I've written many a time on the Kuhnian theory of evolutionary change and paradigm shifts. In a nutshell, Kuhn showed that conditions change, almost imperceptibly, until crisis hits and then – wham! - total shift to new theories. The Kuhn cycle is where terms such as "paradigm shift" come from.
Just last week I had one of those paradigm shifts when my dad passed away. He was one month shy of 94 years. He lived a good and happy life.
Four Personalities, Four Brands
I never thought much of my dad as leader. He was just my dad, the guy who provided for his family, nurturing his four boys in the things that are right. His boys all grew to be contributing members of society. At the funeral, the pastor said the following about us four.
"Doug, the oldest, was the reckless one. I was jealous of his independent spirit. Next up is Don, the steady son. The third boy is Darryl, a mentoring spirit. And lastly is Duane [that's me], the son who never grew up, facing each day with fun, discovery, and adventure."
I was impressed how this pastor nailed each of our personal brands and life-plans in so few words. The oldest and most daring son died in a plane crash. The steady son was a life-long engineer. The mentor boy morphed into the family philosopher. And, me, the refuse-to-grow-up son, landed a career in the entertainment industry and loves a good hang with friends.
Each of us was raised in the same family, with the same father and mother, but we're definitely not clones.
Diversity of Thought
How did all this diversity of thought, perspective, and approach to life evolve? One factor: my father. Only now, after his passing, am I beginning to see his approach to raising us boys was a pretty darn good metaphor for leadership in the bigger world.
As a leader, my dad let us evolve into our own persons. He guided us in certain directions but never forced us to go one way or another. He sensed our strengths and encouraged us to build upon those powers. He didn't micromanage, he rarely criticized our decisions, he didn't get in the way of our dreams, and he proudly boasted our accomplishments.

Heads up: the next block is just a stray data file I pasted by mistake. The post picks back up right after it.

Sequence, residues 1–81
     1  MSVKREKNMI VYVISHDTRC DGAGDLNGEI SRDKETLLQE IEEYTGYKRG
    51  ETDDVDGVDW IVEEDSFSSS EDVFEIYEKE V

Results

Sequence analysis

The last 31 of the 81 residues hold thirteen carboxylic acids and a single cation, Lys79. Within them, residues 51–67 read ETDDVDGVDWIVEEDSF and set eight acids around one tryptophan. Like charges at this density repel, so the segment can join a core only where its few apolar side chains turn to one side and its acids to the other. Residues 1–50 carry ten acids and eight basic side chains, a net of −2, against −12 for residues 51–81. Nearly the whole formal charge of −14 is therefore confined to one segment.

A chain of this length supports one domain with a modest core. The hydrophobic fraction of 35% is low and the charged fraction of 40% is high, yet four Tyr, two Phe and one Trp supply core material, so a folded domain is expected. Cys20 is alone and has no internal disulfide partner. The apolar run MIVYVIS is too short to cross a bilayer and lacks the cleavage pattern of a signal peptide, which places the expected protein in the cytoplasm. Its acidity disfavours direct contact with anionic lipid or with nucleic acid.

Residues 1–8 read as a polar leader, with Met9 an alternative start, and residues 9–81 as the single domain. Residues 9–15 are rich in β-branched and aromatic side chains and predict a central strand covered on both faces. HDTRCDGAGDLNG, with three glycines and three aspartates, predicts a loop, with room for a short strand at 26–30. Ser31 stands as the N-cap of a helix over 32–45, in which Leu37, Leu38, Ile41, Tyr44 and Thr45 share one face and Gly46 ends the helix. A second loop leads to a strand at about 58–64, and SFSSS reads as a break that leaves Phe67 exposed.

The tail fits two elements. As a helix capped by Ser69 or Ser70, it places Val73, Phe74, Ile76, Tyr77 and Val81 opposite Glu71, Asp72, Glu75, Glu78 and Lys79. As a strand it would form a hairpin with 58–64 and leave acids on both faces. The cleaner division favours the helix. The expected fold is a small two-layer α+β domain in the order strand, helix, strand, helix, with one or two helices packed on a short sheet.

Life's Paradigm Shifts
My father's leadership traits didn't pop-up overnight. Or, did they? My clue to my father's own personal paradigm shift is gleaned from handwritten notes found on his deathbed side table. He had been writing his memoirs from the war years.
My father was a 22-year-old kid when he joined the U.S. Army Air Corps in 1942, a simple country boy signing up for God and country. A year later he graduated flight school as a B24 bomber pilot, ultimately flying 35 missions out of Norwich, England. The war turned a farm boy, over-night, into a leader.
I sensed the rapid development of my dad's leadership skills from his notes. In his earlier writings he speaks of being in-charge. In his later notes, he tells of how he defers to the expertise of his crew and other wing command leaders for input.
He wrote once of being separated from his flight group over enemy territory and how he and the crew managed to return safely, although shot up, to England. He wrote of the importance of R&R (rest and relaxation) between missions. He wrote of personally knowing the ground crews, those service men who repaired and maintained the airplanes.
Most notable of what I learned from his memoirs is, over time, he recognized that German pilots were human beings, with families, sweethearts, fears, and freights. My dad's change toward more empathic ways began to take shape on one particular return trip from battle. His plane was heading northwest over the North Sea. His crew was relaxing after a difficult mission.
In a flash, a German fighter appeared on my dad's left wing. Sheer fright must have taken over. But then, to the crew's good fortune, the German pilot looked to his right, saluted my dad and peeled away, but not before my dad returned, what I imagine must have been a very nervous acknowledgement.
Simple Leadership, Farm Boy Style
That's the stuff of leadership, knowing when and how to get things done. My dad respected and honored his crew. He respected his own leaders for their efforts to keep his crew safe. The week before he died, my dad could still recite the names of each flight and ground crew member, honoring them for their service to the purpose.
And, in a very subtle way, he respected the individuality of the men and women on the other side, evidenced by his return salute over the North Sea. Each side acknowledged that the battle of the day was finished.
I only hope I can lead and mentor as powerfully and as effectively as my farm-boy father did. I'm excited to see what new discoveries my new post-paradigm shift holds.
"Keep up the good work!" – Malcolm Dike.